Explorer C
As a frequent flyer, whether on business or pleasure, open seating provided by Southwest Airlines is the best. Please don't change your policy. On a side note your new rapid rewards policy is confusing. Using awards with blackout dates was less confusing. Southwest employees are equally confused when attempting to explain the new policy. Thanks Dennis
Explorer C
If Southwest changes its policies because of allegations by some of its non-customers that they won't fly Southwest until there is assigned seating, it will be yet another example of corporations taking existing customers for granted and even aggravating them in search of a few dollars more. I would be overreacting to say that I would discontinue flying Southwest. But I wouldn't like it as much if I had to deal with assigned seating. And when the occasion comes that prices are about the same and schedules are about the same and I know that I have to deal with Southwest's assigned seating instead of being able to check in on line and get my "A" card, I will be likely to choose the competitor. So, please, consider us the loyal before you go after those who are so inflexible that they let this keep them off Southwest.
Explorer C
I travel as a National Sales Manager around 45 weeks a year, all over the U.S. I've done so most of my life. I'm soon to celebrate my 55th birthday, and I'm just starting to feel a little old to make sure I get on line 24 hours to the minute to get a coveted "A" boarding pass and then arrive at the airport and have to still stand in line for about 1 hour in the "A" line to get a seat of my choice. The weeks that I fly Southwest (2 - 4 boardings in the week) I'm wasting over 4 hours of my precious time to serve Southwest. The current "Open" seating system smacks of a "Serve Us Attitude" instead of a "Service Attitude". Please change it something more humane and friendly to the frequent flier. It's a source of aggravation that causes many people to choose to fly with other airlines. Cordially, Elliot G. Goldfarb
Explorer C
Count mine as a YES response, absolutely in favor of assigned seating! From personal conversations with other travelers waiting in line, it is clear that the great majority of SW flyers favor assigned seating. Take a poll any day among the people sitting or standing in any line at any gate and you will get that kind of response. I have never heard one person in line say that they favored open seating. Combined, my wife and I have flown about 25 to 30 SW segments over the past 24 months. We have had enough! Solely because there is no assigned seating, we have decided to stop traveling on SW, unless there just is no other reasonable alternative. I urge SW to implement assigned seatin ASAP.
Explorer C
On our recent trip from Las Vegas because of folks butting in line. The F word was flying... the woman was yelling step back.... I thought the men were going to go at it. Many of children had to wittness this rude behavior. Southwest folks ignored it! My husband and I will use other airlines whenever possible to AVOID such nasty scenes and keep our selfs out of harms way. Let folks pick there seats... first come, first served on-line or assign them at check in.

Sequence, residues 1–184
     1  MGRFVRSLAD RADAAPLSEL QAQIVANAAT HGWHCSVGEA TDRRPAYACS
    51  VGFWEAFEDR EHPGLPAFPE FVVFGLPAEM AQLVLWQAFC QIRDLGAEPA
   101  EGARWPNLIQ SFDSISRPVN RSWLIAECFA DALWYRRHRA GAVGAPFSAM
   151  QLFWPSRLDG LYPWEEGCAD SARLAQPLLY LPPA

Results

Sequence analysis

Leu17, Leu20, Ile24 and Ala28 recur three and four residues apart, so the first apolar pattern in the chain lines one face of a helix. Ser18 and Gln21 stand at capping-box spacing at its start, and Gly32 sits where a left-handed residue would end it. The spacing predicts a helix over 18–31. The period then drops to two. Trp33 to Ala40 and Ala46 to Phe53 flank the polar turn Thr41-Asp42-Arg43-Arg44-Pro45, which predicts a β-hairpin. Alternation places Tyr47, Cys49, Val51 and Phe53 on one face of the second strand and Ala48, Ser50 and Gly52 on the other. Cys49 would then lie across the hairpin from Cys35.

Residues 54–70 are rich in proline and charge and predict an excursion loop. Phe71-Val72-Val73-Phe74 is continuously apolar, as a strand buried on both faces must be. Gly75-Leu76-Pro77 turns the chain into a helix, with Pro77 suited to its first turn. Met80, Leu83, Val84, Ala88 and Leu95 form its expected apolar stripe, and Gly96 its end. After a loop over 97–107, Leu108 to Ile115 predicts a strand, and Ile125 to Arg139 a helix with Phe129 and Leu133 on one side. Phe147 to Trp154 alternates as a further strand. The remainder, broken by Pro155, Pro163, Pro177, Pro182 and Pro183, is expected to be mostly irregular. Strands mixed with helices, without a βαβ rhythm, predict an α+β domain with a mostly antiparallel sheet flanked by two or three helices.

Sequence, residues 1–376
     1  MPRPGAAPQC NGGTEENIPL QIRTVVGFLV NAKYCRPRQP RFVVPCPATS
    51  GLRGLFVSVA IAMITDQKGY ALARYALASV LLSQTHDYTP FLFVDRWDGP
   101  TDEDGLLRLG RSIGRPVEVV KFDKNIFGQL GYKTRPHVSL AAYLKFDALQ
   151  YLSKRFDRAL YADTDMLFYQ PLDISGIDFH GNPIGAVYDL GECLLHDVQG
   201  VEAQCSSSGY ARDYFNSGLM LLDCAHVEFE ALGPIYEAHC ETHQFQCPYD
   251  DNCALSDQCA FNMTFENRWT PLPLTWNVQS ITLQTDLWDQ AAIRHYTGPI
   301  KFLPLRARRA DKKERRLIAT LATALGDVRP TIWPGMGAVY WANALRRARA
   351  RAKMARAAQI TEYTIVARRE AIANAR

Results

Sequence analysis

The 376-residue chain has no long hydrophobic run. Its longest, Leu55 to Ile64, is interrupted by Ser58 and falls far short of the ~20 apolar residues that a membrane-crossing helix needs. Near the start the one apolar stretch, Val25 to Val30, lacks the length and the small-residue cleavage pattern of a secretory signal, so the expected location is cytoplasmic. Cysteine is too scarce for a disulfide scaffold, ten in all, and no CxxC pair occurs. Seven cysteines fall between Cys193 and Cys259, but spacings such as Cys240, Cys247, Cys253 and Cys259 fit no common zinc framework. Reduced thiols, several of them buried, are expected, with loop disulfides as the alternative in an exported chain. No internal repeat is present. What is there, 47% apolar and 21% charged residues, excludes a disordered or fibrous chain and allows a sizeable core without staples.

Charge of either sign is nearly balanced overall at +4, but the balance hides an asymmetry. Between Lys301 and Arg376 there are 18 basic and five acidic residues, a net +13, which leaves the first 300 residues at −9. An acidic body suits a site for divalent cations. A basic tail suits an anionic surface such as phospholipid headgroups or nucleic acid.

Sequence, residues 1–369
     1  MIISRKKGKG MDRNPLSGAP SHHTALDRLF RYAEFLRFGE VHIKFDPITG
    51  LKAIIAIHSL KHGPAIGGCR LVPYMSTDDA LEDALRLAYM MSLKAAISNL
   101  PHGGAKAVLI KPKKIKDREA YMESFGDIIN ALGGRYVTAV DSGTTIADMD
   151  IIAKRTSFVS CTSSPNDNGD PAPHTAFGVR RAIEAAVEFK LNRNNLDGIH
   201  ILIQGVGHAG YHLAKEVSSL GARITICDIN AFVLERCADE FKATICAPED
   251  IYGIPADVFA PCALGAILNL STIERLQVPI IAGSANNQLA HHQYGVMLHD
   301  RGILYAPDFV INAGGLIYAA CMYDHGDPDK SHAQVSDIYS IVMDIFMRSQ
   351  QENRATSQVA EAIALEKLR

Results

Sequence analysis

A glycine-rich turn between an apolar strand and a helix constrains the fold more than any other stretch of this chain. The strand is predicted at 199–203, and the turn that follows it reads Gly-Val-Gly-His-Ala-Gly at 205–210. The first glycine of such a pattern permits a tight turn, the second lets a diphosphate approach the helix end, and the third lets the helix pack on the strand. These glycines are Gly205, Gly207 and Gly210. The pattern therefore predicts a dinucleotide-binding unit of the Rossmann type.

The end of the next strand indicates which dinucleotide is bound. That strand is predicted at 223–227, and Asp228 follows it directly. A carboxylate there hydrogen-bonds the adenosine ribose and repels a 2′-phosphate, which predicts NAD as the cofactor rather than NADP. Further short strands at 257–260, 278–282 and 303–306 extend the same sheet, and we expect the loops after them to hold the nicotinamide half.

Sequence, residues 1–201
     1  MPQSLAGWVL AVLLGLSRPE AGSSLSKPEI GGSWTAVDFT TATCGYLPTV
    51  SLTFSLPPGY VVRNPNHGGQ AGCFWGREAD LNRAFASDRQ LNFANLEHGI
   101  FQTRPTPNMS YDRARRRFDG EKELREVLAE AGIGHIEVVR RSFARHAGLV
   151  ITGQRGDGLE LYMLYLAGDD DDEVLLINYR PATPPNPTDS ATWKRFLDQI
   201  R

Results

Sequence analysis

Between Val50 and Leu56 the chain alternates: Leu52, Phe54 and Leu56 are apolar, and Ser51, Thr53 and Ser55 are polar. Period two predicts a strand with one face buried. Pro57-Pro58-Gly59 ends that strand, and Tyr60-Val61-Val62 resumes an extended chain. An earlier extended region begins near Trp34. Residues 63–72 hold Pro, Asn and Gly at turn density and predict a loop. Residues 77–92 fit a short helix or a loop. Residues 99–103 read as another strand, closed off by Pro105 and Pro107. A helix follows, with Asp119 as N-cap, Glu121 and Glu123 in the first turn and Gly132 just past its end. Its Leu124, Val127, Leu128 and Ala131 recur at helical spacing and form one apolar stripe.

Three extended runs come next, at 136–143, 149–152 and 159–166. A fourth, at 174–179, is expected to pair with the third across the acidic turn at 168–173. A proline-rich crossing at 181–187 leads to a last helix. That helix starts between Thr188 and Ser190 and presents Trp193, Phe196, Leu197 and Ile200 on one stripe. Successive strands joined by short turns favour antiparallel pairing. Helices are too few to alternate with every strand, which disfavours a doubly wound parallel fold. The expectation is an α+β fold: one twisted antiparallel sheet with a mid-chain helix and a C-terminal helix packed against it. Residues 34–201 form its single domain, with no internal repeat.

Explorer C
My feelings about open seating are very simple. Eliminate it!! I dont like seating in a small waiting area-ie Chicago-and having to see people sitting right next to the front using a laptop on the floor. They are trying to be in the best place for Boarding Pass A. dont want to go to a basketball game, baseball game or a play and have to fight for a seat. I certainly dont want to do it on a plane. I suggest if people want a seat-get on your wonderful website, book a flight and pick one. You can book up to 4 months in advance. If someone tries to book a flight a day before or the last minute-they get whats left, Very simple. I used to travel with 4 children and my wife. I went overseas and stateside over a 20 year military career and also as a civilian. I went home to NY for funerals. I dont want to worry about where I sit. Thanks. Richard S./San Antonio, TX
Adventurer A
It would get great if those who have their San Diego reservation for when the "test" is going to occur feel about their 1 in 8 chance of their flight changing from an open seat flight to an assigned seat flight. Also when will the seat diagram of the inside of the 737 aircraft going to appear somewhere on the main website. Keep open seating. I'm also curious about those who are scheduled to change planes in San Diego where there first plane was open seating and the second was "assigned". Those people will get a chance to see both procedure in one trip and could give great feedback.
Explorer C
Please, no assigned seating. I have enjoyed the quality and thoughtfulness of every employee that I have ever met on my flights and I have enjoyed the opportunity to choose my own seat. You are the difference and I choose you to fly. Please don't change. Nuts about you, Richard J Garcia
Explorer C